A recent development in the judicial behavior literature on Supreme Court agenda setting is the examination of case selection within particular areas of the law. To that end, this study examines the Supreme Court's agenda-building process regarding American Indian Interests as a petitioning litigant during the 1969-1992 October terms. Using a multivariate logistic regression model, the findings indicate that judicial attitudes as manifested by the attitudinal model, the direct and third party briefs filed by the Solicitor General's office for and against American Indian interests, and the presence of a sovereignty issue were influential explanatory variables in the Supreme Court's case selection process. Contrary to the expectations of this study, however, the petitioning party alleging lower court conflict, dissension, and the number of amici curiae briefs filed in support of, and in opposition to, American Indian interests were not important predictors.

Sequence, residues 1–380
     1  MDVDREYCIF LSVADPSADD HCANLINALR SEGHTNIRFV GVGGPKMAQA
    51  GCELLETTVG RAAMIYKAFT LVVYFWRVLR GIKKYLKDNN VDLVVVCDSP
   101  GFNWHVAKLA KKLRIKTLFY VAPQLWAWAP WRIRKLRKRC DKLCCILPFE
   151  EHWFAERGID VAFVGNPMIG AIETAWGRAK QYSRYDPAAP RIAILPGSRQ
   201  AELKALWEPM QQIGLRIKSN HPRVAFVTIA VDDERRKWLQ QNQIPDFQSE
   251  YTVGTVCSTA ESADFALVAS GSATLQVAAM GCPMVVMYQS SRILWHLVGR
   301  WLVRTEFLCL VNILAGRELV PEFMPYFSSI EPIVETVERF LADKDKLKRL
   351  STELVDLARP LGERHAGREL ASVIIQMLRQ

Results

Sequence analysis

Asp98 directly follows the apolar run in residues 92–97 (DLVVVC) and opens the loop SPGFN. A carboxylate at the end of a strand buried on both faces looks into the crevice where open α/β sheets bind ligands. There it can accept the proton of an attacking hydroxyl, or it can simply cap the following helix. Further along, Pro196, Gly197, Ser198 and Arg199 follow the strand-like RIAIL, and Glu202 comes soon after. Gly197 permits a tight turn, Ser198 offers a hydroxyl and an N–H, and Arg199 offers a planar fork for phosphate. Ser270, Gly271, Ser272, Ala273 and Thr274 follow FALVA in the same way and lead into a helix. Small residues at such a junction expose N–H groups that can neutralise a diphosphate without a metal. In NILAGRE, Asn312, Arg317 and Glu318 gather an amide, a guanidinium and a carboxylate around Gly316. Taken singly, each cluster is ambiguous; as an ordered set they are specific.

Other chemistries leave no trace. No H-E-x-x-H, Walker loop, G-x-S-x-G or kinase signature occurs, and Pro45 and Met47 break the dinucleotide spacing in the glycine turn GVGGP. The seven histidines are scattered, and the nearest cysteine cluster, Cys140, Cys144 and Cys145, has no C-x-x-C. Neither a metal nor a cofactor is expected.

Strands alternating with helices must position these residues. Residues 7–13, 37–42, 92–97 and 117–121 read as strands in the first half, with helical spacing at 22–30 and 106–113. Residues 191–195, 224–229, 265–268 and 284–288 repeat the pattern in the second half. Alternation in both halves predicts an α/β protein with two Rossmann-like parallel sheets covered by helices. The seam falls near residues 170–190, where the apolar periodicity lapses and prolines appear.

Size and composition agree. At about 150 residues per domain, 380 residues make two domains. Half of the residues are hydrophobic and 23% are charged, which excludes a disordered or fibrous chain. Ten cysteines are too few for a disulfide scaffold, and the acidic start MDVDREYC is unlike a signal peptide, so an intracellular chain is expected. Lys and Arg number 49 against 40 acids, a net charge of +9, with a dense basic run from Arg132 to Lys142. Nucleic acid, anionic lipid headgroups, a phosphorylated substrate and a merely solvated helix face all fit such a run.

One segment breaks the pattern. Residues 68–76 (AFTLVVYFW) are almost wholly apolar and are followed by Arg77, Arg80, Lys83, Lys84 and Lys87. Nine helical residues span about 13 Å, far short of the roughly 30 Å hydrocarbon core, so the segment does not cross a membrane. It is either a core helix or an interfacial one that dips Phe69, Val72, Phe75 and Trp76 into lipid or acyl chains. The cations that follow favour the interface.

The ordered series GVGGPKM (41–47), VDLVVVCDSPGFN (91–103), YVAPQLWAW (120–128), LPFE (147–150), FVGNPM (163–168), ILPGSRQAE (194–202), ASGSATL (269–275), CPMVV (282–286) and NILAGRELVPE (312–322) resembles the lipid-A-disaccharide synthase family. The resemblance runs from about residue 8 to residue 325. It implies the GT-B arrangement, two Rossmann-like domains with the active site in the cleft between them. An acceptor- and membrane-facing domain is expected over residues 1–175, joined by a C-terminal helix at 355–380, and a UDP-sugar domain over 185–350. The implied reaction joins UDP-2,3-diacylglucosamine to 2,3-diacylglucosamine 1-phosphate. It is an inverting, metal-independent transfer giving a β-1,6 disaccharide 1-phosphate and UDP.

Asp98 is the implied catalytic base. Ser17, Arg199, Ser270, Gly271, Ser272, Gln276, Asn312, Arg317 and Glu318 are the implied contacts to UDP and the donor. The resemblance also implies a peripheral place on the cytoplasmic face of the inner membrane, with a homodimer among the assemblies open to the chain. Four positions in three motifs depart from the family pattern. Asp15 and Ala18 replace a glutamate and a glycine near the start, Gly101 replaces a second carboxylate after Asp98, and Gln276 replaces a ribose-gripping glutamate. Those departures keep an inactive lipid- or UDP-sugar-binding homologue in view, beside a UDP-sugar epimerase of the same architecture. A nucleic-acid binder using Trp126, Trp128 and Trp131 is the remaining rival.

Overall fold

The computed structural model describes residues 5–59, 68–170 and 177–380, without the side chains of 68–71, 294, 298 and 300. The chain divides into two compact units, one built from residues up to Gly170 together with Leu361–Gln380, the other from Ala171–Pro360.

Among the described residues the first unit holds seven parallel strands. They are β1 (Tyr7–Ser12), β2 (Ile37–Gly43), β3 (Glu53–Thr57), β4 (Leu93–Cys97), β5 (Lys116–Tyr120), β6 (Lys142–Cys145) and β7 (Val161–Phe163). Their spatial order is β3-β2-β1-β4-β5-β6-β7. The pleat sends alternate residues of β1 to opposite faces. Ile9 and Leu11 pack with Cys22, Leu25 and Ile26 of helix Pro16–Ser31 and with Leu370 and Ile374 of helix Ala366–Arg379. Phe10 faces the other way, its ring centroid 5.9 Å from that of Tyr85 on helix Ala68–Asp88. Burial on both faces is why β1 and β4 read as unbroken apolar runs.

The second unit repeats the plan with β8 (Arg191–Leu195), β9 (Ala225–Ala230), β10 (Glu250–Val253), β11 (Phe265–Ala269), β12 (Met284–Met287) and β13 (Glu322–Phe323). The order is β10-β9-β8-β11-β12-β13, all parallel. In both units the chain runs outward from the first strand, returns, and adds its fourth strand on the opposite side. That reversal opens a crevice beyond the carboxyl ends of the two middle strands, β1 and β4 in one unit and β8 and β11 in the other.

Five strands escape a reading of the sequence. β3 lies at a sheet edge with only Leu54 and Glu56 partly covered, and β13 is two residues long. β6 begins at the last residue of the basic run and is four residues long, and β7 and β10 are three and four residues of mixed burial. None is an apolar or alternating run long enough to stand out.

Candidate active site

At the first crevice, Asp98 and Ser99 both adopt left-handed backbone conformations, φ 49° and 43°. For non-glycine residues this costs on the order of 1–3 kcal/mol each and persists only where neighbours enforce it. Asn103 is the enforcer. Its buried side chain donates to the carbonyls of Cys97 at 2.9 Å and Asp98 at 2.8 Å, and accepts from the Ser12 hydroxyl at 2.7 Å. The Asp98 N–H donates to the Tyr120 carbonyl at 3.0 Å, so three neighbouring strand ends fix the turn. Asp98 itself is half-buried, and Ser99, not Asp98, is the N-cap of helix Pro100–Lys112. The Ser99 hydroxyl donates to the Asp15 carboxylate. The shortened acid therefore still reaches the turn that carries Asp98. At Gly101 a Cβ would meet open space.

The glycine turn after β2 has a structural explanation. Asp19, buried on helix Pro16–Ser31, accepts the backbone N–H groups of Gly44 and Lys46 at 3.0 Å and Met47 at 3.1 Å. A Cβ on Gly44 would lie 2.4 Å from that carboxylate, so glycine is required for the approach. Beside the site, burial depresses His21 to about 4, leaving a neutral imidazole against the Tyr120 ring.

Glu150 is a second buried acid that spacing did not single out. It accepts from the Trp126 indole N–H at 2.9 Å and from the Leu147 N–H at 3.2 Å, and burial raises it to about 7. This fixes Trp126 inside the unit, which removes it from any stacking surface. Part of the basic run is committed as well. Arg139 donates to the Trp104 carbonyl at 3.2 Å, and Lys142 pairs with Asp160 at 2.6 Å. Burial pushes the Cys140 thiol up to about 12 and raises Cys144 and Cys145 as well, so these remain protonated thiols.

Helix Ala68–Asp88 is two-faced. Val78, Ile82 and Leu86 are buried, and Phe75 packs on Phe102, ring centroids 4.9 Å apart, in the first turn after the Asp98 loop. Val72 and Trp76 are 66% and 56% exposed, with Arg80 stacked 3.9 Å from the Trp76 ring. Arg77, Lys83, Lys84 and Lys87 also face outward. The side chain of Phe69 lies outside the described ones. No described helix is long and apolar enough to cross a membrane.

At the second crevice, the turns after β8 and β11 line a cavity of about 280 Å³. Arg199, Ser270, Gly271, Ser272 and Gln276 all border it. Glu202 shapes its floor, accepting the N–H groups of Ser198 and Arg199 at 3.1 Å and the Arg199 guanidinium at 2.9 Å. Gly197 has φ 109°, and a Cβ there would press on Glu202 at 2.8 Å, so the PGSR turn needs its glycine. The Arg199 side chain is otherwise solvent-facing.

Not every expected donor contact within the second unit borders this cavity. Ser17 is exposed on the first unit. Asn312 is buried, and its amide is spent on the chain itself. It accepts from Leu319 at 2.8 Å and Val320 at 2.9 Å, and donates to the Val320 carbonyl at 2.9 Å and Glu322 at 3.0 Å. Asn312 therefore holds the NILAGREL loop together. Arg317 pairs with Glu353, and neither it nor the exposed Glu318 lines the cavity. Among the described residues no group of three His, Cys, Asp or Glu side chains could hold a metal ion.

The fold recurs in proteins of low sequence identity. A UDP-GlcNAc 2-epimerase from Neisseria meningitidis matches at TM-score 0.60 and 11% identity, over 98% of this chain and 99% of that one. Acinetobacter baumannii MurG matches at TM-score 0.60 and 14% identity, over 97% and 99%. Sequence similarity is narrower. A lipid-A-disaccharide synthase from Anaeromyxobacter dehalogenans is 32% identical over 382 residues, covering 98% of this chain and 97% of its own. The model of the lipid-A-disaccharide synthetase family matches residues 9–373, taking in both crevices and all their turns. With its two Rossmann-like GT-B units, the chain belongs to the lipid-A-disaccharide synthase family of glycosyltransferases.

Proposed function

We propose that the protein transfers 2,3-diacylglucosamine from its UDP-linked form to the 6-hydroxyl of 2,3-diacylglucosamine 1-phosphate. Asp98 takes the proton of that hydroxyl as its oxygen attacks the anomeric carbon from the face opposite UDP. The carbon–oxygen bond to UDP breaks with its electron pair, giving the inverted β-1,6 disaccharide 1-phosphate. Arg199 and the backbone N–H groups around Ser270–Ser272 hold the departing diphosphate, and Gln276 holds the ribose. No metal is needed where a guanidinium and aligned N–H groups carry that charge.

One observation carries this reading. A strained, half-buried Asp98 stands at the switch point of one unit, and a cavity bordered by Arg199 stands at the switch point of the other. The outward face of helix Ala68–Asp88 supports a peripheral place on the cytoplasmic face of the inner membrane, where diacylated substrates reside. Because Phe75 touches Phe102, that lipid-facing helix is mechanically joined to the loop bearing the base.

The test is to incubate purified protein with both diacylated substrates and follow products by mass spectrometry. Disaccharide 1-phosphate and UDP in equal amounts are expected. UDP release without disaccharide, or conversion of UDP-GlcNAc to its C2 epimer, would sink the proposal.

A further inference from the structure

Hermann, J.R. (1997). American Indian interests and supreme court agenda setting: 1969-1992 October terms. American Politics Quarterly, 25(2), 241-260. doi: 10.1177/1532673X9702500206
American Politics Research